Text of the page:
Friday, March 18, 2011

Inside or Outside the Lines?

Genre writing tends to have a "sameness" to it, a familiarity that after a while breeds contempt in some readers. And yes, I'm one of those readers. I spent years reading mostly romance novels until one day I said, "God, can't they write something different?"

Each genre has a pattern the writer must follow, but within that pattern some writers have their own patterns. I noticed it first with the romance novels by Paula Fairman whose heroine always had three lovers. The first one rapes her, but by the end of the rape she's a willing participant, the second was usually a rich man, and the third was a bastard. In the end, she always wound up with the first man because a woman always falls for the man who takes her virginity by rape. (and yes, that was a sarcastic comment.) After the second or third book there's no point reading books by this author because you know how it's going to end. There's no surprise or excitement that engages the reader's imagination. And yes, I know, many readers like this familiarity and that's why the market publishes the same old, same old.

The same thing can happen with short stories. A writer can find a formula that works for them and that's all they write. That successful formula, in a way, becomes a crutch. I don't blame writers for using the crutch because that's what the market is looking for and they have to make a living.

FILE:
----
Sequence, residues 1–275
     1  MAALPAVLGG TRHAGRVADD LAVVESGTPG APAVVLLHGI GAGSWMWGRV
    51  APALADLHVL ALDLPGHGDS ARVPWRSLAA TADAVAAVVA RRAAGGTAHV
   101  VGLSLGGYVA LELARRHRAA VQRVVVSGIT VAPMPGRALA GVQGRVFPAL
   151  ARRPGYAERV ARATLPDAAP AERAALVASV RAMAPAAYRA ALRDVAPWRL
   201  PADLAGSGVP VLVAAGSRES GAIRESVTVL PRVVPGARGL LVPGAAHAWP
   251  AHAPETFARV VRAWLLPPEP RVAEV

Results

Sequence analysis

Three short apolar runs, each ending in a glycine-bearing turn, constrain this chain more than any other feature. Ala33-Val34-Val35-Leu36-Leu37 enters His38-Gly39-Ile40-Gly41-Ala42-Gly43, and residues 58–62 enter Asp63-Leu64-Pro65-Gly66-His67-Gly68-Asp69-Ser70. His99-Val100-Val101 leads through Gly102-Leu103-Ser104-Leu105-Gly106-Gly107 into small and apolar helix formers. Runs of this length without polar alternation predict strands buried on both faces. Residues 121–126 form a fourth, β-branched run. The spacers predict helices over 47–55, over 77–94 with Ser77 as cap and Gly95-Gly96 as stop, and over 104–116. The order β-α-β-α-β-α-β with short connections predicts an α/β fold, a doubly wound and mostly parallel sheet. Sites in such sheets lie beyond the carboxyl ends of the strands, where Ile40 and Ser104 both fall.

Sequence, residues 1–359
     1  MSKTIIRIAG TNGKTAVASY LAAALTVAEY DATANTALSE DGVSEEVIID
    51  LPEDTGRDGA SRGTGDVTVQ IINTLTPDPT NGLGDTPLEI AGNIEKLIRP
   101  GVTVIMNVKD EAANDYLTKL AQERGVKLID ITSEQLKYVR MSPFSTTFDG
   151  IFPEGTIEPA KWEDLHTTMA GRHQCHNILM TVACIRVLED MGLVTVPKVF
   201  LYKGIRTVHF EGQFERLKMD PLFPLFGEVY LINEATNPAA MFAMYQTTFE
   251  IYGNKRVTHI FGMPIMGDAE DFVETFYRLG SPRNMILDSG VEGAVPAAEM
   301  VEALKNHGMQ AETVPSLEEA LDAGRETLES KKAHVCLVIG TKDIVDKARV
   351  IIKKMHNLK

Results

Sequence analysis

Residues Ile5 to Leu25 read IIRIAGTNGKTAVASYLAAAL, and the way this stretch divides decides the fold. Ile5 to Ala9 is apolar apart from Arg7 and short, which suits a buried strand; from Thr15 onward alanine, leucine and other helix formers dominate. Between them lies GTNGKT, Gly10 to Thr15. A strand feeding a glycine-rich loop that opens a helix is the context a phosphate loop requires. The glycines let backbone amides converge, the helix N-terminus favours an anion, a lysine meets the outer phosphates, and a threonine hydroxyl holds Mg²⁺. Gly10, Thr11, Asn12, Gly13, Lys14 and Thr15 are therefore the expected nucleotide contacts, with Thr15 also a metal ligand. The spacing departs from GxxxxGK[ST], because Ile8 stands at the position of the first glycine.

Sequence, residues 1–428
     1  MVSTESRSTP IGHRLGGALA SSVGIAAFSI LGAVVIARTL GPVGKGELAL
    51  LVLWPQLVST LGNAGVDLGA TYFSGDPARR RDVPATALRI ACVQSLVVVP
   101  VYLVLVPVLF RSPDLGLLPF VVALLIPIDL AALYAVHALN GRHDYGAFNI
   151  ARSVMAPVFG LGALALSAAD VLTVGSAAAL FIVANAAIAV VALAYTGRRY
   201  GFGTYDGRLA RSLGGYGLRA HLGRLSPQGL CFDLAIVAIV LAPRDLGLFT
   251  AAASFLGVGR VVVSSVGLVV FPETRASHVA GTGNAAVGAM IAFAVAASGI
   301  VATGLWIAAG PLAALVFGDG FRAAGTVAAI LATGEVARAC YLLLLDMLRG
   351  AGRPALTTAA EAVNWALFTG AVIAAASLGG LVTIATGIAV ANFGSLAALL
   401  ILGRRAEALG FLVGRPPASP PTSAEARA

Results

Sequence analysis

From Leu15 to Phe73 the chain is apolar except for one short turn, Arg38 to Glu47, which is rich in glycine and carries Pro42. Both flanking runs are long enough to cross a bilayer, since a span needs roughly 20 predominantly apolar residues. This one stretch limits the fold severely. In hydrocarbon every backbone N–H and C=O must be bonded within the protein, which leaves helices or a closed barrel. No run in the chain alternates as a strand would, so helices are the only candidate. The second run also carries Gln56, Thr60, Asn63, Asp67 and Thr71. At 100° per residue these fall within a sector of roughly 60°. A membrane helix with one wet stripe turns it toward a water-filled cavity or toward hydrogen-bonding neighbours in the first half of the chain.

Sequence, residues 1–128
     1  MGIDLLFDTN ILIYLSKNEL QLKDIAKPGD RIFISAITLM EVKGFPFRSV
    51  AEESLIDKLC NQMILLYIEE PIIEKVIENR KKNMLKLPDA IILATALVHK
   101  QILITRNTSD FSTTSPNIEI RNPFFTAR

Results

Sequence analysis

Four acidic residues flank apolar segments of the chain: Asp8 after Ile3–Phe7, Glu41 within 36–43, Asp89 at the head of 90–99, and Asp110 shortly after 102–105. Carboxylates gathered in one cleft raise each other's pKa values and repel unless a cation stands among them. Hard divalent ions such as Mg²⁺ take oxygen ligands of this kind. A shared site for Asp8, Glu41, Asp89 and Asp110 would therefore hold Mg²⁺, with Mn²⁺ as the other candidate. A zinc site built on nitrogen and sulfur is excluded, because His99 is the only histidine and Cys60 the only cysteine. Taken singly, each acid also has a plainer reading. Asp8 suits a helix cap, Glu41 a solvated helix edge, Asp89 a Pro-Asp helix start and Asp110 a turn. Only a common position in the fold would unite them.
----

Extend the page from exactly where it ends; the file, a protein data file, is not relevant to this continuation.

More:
That pattern of sameness thrives in the marketplace. Pick up a copy of EQ or AHMM and you can almost always tell how every story is going to end. It's like reading an episode of "Murder She Wrote". I think that's one reason I enjoy anthologies. Yes, there is that genre sameness, but a good editor will find stories that step beyond that sameness into new territory.

I adore writers who can surprise me with each new story. Stephen King collections are a good example. His stories, while wrapped in the cloak of horror, step into the crime and sci-fi genres. His endings vary from the twist, to the gotcha, to the yeah, it needed to end that way. You never know how one of his shorts is going to end so you're never bored.

By now you're probably wondering what brought this on. It was an essay by Guy Hasson called "How to be Truly Original". He makes some great points and tosses out some good ideas on how to make your story different from the guy writing next to you.

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